that's quite a hack. Could indeed work though for app made in java like eclipse, but I wouldn't put so much effort in a hack like that, because such hack will likely add a ton of bugs and a lot of maintenance to support it and will eventually be removed

      Comment


      • #4
        Originally posted by scionicspectre View Post
        I know it's not the best idea in the world, but wouldn't it be okay for Kwin to artificially scale up application windows that don't support HiDPI yet, just so people don't have to squint at their screens in the meantime?
        On Wayland that would be indeed possible and easily implementable, but on X11 it's getting nearly impossible as KWin doesn't do input events, but that's still done by X Server.

        Comment


        • #5
          Its stuff like this why I really don't understand the desire for HiDPI. The ONLY people who really benefit from it are gamers (and that's if they spent at least $275 on a GPU) and graphic designers. Otherwise, it makes many interfaces look either blurry, pixelated, or tiny. It makes precise mouse movements very difficult, it eats up a lot of system resources, its a nightmare for programmers (as this article has shown), and the displays for it are pretty expensive. I just don't see how all of that is appealing for some slightly smoother or cleaner looking text and images (if their res is high enough). I have a 1080p 32" display at home. Some people would cringe at that pixel density, but with anti aliasing, a moving image, and sitting back a few feet, the experience is fine. By having a vertical task bar and vertical tab bar, websites render nicely at 100% scale, and my desktop experience is comfortable.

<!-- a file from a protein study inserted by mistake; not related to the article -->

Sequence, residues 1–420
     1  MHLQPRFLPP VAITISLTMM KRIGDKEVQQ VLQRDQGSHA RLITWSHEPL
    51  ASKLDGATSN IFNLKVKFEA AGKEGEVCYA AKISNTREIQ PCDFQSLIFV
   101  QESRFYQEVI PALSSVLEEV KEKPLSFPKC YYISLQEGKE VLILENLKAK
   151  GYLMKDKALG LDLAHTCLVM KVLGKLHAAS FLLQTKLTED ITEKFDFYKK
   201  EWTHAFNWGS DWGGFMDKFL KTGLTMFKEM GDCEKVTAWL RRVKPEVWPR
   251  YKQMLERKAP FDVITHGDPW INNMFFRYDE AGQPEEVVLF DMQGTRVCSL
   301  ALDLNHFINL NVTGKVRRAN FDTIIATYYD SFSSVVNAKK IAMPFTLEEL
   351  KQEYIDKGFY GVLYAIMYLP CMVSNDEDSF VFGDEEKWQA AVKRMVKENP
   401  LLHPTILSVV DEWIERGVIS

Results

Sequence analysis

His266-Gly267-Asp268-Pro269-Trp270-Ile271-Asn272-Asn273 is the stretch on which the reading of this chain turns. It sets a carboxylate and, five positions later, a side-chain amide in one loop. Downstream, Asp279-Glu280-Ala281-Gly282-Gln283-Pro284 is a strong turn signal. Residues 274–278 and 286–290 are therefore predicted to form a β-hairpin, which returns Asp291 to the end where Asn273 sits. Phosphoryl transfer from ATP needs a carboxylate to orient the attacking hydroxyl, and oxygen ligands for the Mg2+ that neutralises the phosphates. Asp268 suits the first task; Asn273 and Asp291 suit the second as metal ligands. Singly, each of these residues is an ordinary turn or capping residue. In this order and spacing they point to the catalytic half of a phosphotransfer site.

Comment


          • #6
            Originally posted by schmidtbag View Post
            Its stuff like this why I really don't understand the desire for HiDPI. The ONLY people who really benefit from it are gamers (and that's if they spent at least $275 on a GPU) and graphic designers. Otherwise, it makes many interfaces look either blurry, pixelated, or tiny. It makes precise mouse movements very difficult, it eats up a lot of system resources, its a nightmare for programmers (as this article has shown), and the displays for it are pretty expensive. I just don't see how all of that is appealing for some slightly smoother or cleaner looking text and images (if their res is high enough). I have a 1080p 32" display at home. Some people would cringe at that pixel density, but with anti aliasing, a moving image, and sitting back a few feet, the experience is fine. By having a vertical task bar and vertical tab bar, websites render nicely at 100% scale, and my desktop experience is comfortable.